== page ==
slightly wonky


End of semester!

It’s the end of winter semester!  Boo hoo!  Last night, I had my final class with a wonderful group of women.  We all have different backgrounds (artist, art journalist, photographer, etc.), but we were all there as beginner printmakers.  I will miss them…the running commentary…the oohs when a print was first peeled off of the press…the jokes about our shoddy skills.  For you local people, Somerville Open Studios is coming up in a month, and one of my classmates will have her work on display then…I hope that I can go and see it!  I wonder if she’ll include any of the prints that she made…I’ll give more details when it gets closer to the date.

Here are the prints from last night.  I was working again with viscosity monotypes, as shown in the first two prints.  But I also incorporated a carborundum plate into the mix, as shown in the third and fourth prints:

That was just one pass through the press…I liked how it turned out.

This one went through the press a few times:

The carborundum element in this next print are the lavender brushmarks.  So, I printed that lavender carborundum plate on top of a monotype (thus creating a monoprint):

In this print, the dark purple areas are from a separate carborundum plate:

You’ll see this plate again in some of the following plates. 

My teacher last night looked over my bevvy of prints, and tried to give me a little critique on a direction that I might pursue (as I am fairly all over the map, as you may have noticed).  She noted that I typically either use a very linear/drawn/crisp language or a swirly/organic language.  Why not combine them?  Well…okay!  I think that this may sound obvious, but if you see others’ work in the class, then you’d see how different all of our work was.  I also felt that this was kind of a true assessment of me as a person…my left brain and right brain are fairly evenly balanced.  I’m not saying that either half is brilliant, not so…but I think the balanced relationship between the two has been true for me.  As an example, I got nearly identical scores in the SATs/GREs between my math and verbal  (umm…not a perfect 800 on both, sheesh).  So…instead of trying to be either one or the other, I’ll try to combine them.  This is kind of hard, as I don’t really shift well between the two.  But, I guess that’s part of the challenge.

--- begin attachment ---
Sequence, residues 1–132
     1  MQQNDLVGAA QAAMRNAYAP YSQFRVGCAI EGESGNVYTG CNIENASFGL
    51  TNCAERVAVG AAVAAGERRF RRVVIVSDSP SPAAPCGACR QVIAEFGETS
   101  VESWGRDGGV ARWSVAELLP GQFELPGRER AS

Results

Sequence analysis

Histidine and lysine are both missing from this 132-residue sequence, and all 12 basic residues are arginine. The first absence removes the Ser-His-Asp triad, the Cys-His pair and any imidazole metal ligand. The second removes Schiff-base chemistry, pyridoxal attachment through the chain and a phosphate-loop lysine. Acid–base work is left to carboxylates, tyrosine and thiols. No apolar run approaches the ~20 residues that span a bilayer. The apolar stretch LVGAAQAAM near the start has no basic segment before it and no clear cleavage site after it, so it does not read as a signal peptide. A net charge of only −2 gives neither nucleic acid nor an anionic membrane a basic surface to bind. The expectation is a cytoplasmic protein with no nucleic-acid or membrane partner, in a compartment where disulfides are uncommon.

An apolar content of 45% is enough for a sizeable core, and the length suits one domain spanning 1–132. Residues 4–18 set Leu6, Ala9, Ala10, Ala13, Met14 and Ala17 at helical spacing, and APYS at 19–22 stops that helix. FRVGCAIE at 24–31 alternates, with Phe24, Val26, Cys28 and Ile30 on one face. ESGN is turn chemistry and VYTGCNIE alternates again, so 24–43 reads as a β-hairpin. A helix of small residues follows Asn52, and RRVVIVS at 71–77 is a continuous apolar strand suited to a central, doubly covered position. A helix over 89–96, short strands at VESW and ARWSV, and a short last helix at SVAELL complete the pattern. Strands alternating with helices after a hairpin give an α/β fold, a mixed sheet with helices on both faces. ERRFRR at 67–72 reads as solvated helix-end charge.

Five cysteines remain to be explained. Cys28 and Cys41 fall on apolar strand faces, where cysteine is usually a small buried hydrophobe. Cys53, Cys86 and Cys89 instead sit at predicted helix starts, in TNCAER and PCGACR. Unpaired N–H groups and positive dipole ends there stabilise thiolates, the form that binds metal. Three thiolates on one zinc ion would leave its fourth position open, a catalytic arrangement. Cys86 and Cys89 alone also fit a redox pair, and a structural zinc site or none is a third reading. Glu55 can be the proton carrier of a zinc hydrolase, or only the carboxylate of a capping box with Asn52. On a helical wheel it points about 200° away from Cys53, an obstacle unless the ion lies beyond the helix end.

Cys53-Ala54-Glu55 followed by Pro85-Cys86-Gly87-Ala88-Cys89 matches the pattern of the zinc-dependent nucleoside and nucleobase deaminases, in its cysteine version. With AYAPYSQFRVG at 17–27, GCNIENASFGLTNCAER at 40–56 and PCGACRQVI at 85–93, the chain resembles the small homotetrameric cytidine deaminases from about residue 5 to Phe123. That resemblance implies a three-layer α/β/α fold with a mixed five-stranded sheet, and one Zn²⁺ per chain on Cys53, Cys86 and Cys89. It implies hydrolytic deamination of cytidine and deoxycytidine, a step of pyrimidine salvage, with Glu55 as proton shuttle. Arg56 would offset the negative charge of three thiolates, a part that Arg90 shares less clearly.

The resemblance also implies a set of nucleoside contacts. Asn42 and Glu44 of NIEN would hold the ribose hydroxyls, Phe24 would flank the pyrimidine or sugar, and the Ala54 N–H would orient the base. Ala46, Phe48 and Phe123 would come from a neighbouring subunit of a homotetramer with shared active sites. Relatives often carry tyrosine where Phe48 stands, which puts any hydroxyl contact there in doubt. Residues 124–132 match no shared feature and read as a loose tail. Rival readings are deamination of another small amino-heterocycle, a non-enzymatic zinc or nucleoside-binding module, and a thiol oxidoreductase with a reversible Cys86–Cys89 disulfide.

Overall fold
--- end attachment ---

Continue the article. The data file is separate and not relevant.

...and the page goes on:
Here are my prints from today.  Again, I started with a monoprint:

Then, I started to layer in the carborundum plate:

and again:

And then, my printmaking teacher wanted to see the carborundum plate by itself.  I think that she didn’t like all of my colorful craziness.  So, here is the plate the first time…I didn’t do a good job wiping it:

Here is the second time that I inked and printed it:

See the difference?  Then, here is the ghost of this print:

She really liked these.  Hmmm!  Shows how little I know!  I thought that perhaps they were too simple.  Next time, she wants me to layer in a very thin transparent layer…nothing too crazy, as I was doing above.  She said that the previous ones were “just experiments”, and “now you need to focus.”  Hmmm!  I take it that she is not keen on the crazier ones.  Well, good to know…less is more, perhaps!  Any comments/suggestions????  Random thoughts?  Artists that I should take a look at? 🙂

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2 Comments so far
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Personally, I find simple to be hard. Knowing where to stop to hit that perfect balance.

Comment by lisa foster

Yes, I think that you’re right! One would think that minimal takes no effort, but that’s not true, right? For an expert, minimal can come easily…for a novice, there is tons of trial and error. Sometimes I love a plate, but think that it needs more…then I do another layer, and then wish that I hadn’t! So much to learn…Thanks so much for your thoughts!

Comment by slightlywonky




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